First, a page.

Jimmy Wong Part II: Masstige in Sydney's Dining Scene

2 July, 2020

In Part 1 (read here) of our two part feature on Sydney food personality Jimmy Wong we discussed what kindled his passion for food, a passion which spurred his transition from work as the Director of Design on a multitude of internationally recognised projects, to a food photographer, chef and content creator. In Part 2, Jimmy provides insights into the thing he is most intimately acquainted with, the Sydney dining scene.

“My day is surprisingly varied. It could be filled with either photography gigs, creating food content, cooking up a storm for a collaboration or working with brands on strategies to promote their

offerings”. His day may be varied, but the activity which has become his focus is firmly anchored on the Sydney dining scene. When the question of ‘what makes a good food experience in Sydney’ is posed to Jimmy, much of his answer revolves around the non-culinary aspects of eating out. There is an acknowledgement that a meal can only be as good as the people it is shared with. The ever increasing sophistication of Sydney’s culinary offerings often brings the nasty side-effect of pretentiousness, a tragic irony given that the power of food rests in its ability to draw people together, not provide a demarcation based on snobbery. For Jimmy, food is for the senses, all five, and the visual aspects ranks high “I eat with my eyes. The restaurant or café interior design is very important to me, and so is the plating”.

"This does not mean that the dish needs to be complicated, just beautifully executed"

For Jimmy, Sydney has it all, and diversity is its blessing, “from fine dining to budget ‘hole in the walls’, to authentic Japanese cuisine to the best burgers out there, I enjoy it all. My favourite venue is the one that serves me the food that I am craving at that moment.” However, being an accomplished home cook, Jimmy has a deep appreciation for the artistry of a chef, “my test is that it has flavour, textures and a uniqueness. Something that I cannot get at home. This does not mean that the dish needs to be complicated, just beautifully executed.” Many of Sydney’s most successful hospitality venues attribute their success to authenticity, or the ‘uniqueness’ Jimmy references.  The depth of Sydney’s dining scene, often comes with an unfortunate by-product; namely a pursuit of uniqueness that can often be detrimental and lead to synthetic complexity. Sydney’s best have the ability to pair simplicity and authenticity, in a way which seems natural and effortless.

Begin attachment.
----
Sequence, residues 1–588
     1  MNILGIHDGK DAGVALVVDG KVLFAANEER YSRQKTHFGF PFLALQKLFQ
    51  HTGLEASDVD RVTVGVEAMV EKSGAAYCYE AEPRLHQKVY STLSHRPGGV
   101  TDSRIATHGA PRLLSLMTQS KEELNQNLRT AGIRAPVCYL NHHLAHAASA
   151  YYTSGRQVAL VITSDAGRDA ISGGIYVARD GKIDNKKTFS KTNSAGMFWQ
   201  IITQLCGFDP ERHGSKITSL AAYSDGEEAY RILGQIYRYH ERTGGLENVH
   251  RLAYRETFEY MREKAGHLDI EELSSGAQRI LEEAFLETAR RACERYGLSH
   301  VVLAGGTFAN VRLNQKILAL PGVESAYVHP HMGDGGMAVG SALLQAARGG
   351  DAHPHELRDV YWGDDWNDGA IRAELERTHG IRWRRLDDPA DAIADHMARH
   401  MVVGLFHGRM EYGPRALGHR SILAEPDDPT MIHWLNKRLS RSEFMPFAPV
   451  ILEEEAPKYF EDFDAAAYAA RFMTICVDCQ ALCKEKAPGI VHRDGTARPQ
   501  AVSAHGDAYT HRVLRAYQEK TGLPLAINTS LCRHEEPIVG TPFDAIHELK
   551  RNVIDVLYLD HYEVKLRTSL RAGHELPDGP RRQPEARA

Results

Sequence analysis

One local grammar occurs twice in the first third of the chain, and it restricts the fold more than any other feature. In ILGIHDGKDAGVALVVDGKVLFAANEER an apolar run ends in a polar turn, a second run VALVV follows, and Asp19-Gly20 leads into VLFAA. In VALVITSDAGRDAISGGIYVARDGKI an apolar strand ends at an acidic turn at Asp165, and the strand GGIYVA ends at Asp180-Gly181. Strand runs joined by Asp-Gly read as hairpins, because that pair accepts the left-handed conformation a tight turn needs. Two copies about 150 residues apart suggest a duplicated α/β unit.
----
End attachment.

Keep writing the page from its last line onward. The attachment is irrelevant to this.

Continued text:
Jimmy ties his appreciation of ‘beautifully-executed simplicity’ to a term commissioned by the marketing industry. “I live by the term ‘masstige’, which is prestige for the masses. When the term is unpacked, the essence is quality without exclusivity. “These are gorgeous plates of food, flavour- packed, affordable but with finesse in plating. I have noticed a trend of late that many higher-end Sydney restaurants are turning towards the ‘masstige’ approach, giving them a better bottom line whilst still being able to show some incredible food.” Much of this trend can be attributed to the proliferation of the weekend brunch. Brunching has become a mainstay Sydneysider hobby, and underpins weekend socialising. The demand for this has attracted many talented chefs and experienced operators with foundations in night-dining, who have raised the standard of breakfast dining in this city well above the bacon and eggs which was commonplace, not too long ago. 

Jimmy gives his take on his city's hospitality industry; “The culinary offerings around Australia have really come ahead in leaps and bounds within the last ten to fifteen years. In Sydney it has matured to an exciting time, from hatted restaurants to the best ‘holes in the wall’. They are some of the best in the world. The food scene in Sydney is built by passionate individuals who strive to bring the very best to customers with fresh produce that is readily available. By and large, mediocrity is not commonplace. The consumer’s palette has become more sophisticated, with help from shows like MasterChef. Our weakness is a non-tolerance of food that is inconsistent, over-priced or accompanied by mediocre service.

I understand consumer frustration, but I feel that those that take it on themselves to condemn without giving a second chance to rectify are doing the whole industry a disservice. We as customers should help businesses grow by giving constructive feedback and opportunities to rectify. After all, that is how we all grow. We need to encourage them to take it to the next level so that they may succeed.”

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